Advice from Claire: How to Let Go of Toxic Relationships

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Are you looking to get out of a toxic relationship? Claire gives you some tips on removing yourself from unhealthy relationships of all kinds. Plus, she answers a question from a listener who wants his sons to smoke weed less often.

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Claire Bidwell-Smith

Claire Bidwell-Smith  00:00

Toxic relationships. We’ve all had some version of them, but how the fuck do we get out of them?

Claire Bidwell-Smith  00:05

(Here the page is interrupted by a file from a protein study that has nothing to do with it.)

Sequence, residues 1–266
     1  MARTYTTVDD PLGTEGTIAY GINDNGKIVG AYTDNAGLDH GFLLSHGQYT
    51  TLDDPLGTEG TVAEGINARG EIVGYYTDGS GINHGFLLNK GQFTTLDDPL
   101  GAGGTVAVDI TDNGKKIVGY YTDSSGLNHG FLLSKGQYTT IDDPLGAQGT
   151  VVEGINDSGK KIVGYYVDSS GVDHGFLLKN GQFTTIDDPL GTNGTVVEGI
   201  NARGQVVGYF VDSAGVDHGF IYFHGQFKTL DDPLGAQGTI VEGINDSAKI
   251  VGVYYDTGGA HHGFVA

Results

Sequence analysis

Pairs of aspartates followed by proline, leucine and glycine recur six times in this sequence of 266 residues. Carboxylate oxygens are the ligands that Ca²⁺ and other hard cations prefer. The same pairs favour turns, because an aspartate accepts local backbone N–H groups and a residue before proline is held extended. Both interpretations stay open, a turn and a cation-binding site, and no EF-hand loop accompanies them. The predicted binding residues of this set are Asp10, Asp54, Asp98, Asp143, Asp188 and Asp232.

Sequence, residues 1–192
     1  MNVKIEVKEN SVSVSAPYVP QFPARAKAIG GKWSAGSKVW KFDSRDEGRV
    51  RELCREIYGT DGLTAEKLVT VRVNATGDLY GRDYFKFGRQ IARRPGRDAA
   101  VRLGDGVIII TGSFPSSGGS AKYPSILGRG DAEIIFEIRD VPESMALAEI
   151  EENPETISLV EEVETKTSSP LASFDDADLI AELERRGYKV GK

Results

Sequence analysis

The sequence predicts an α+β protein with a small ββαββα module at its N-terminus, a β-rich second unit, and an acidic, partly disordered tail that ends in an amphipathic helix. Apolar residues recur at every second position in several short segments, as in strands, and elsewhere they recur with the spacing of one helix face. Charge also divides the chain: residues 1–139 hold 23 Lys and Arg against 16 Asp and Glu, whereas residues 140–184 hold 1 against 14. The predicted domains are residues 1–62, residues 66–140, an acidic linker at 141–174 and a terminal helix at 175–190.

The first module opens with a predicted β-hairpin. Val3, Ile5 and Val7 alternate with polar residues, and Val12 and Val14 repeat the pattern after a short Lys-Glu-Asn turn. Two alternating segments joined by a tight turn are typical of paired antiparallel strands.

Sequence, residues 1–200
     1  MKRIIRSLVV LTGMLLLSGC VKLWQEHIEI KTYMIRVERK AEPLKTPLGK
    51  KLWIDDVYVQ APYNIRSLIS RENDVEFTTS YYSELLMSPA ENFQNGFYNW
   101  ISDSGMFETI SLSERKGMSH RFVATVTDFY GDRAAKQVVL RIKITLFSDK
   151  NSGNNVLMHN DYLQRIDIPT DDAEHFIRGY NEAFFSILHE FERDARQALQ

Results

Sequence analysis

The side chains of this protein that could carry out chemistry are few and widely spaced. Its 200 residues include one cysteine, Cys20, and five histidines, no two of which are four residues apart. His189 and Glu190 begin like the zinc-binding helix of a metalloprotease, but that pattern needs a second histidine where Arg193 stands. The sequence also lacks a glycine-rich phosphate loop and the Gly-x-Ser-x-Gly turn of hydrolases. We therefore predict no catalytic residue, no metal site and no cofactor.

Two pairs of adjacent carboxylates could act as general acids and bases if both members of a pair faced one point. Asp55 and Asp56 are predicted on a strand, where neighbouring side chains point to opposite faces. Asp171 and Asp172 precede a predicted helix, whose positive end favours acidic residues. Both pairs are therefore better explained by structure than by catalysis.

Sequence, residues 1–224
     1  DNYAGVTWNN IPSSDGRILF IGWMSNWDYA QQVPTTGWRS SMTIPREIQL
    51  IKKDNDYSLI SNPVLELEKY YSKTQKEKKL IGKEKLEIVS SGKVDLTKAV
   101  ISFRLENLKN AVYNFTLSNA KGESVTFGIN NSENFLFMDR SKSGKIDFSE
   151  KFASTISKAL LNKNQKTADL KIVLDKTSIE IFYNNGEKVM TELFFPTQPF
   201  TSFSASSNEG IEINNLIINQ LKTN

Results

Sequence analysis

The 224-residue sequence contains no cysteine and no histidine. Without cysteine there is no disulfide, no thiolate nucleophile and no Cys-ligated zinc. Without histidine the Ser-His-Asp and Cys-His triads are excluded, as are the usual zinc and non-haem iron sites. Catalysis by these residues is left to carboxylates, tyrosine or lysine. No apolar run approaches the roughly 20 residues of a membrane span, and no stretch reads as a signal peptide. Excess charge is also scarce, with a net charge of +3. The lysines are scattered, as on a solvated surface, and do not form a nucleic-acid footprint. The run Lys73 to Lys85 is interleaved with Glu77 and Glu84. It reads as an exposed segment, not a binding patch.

I’m Claire Bidwell Smith. And that’s what we’re talking about today on NEW DAY. ending a relationship with someone you once cared about is never easy. But when it comes to extracting yourself from an unhealthy relationship, that’s a whole other ballgame. In addition to the usual sadness and grief, that ending a relationship brings up, there may be a lot of other stuff going on, abuse, self-esteem issues, financial manipulation, work obligations. Because the thing is, toxic relationships don’t just happen with romantic partners, we can fall into these kinds of relationships with family members, coworkers and bosses, friends, neighbors, business partners, students at school, and getting out and away from them is sometimes trickier than we’d like it to be. To truly remove yourself from a toxic relationship, I think a little planning is an order. The first step is recognizing and admitting that we’re in a bad relationship to begin with. Sometimes this takes a while, we can live in denial as a means of survival. Maybe we rely on a job that comes with an abusive boss, or we’re tangled up with someone who suffers mental illness or addiction, and we stick around longer than we should because we want to help them. Maybe we’ve just been holding out hope that things would get better. So first things first, let yourself fully recognize and admit that this relationship is toxic, and it’s time for you to leave, it might be helpful to talk about it with a trusted friend or therapist. Sometimes really saying it out loud helps it sink in. It might also help to write down a log of all the ways this relationship has been damaging, and all the hurt that’s come from it. Taking a good hard look at that list to help you recognize that it’s time to move on. Next, make a list of all the ways your life will improve once you leave the relationship. This will help bolster your decision to leave and serve as something to remind you of why you’re doing this during times when you might wave her. Next, come up with a plan for how to take care of yourself once you leave. This may require support on multiple levels, maybe you have to leave a toxic work environment. And that means finding a new job. Maybe you’re leaving a manipulative partner, and you literally need to find a new place to live or maybe have to kick someone out of your own house and they’re not going to go easily. Whatever the case, think get through thoroughly before taking any action. Consult friends, call an attorney if you have to reach out to a domestic abuse hotline. Now it’s not lost on me that I’m just sitting here rattling off a bunch of action items and that in your world, you’re probably feeling terrified and paralyzed, I get that this is a big deal. And that’s why you take your time, you make a plan, you look for support. You don’t have to do this alone. toxic relationships can do a number on our self-esteem. Often the person we’re in this relationship with is very manipulative, and has made you doubt your self-worth and told you that you won’t be able to make it without them. So do your best to surround yourself with positive relationships and people who can support you as you move through this transition. You also might be afraid of facing who you’ve become in this relationship. And you know that leaving is going to cause you to reckon with feelings of guilt for having gotten into it in the first place and for having let it take over your life and damage your world. So self-compassion and forgiveness are key here. Use a mantra if you have to write down a few phrases you can repeat every time you get scared and start backpedaling. Remind yourself that you’re worthy of being happy that you’re stronger than you think that there are people in your life who love and support you. Do as much as you can to focus on the positive and up yourself care as much as possible. I also think it’s okay to get a little woowoo with this stuff. I’ll never forget that passage and Eat, Pray, Love and Liz Gilbert was freaking out because her husband was making the divorce difficult. She had a friend got really woowoo and did some crazy meditation to appeal to his compassionate side and send him love. And bam, she got the divorce papers. Even if that sounds a little nuts, I do think there’s a lot going on energetically that we don’t even know about. Personally, and whenever I’m in a thing with someone, I like to close my eyes at night and imagine disconnecting the energetic cords between us. Even if this is just soothing to my brain, so be it. But I usually see an actual shift in the relationship as a result. I also love the book energetic boundaries for more cool stuff in that realm. Either way you lean woowoo or practical. Be diligent about removing yourself from this relationship. Ask for support from others and be fucking kind to yourself. You didn’t ask for this. You certainly don’t deserve it. And you’re definitely deserving of a happy and fulfilling life.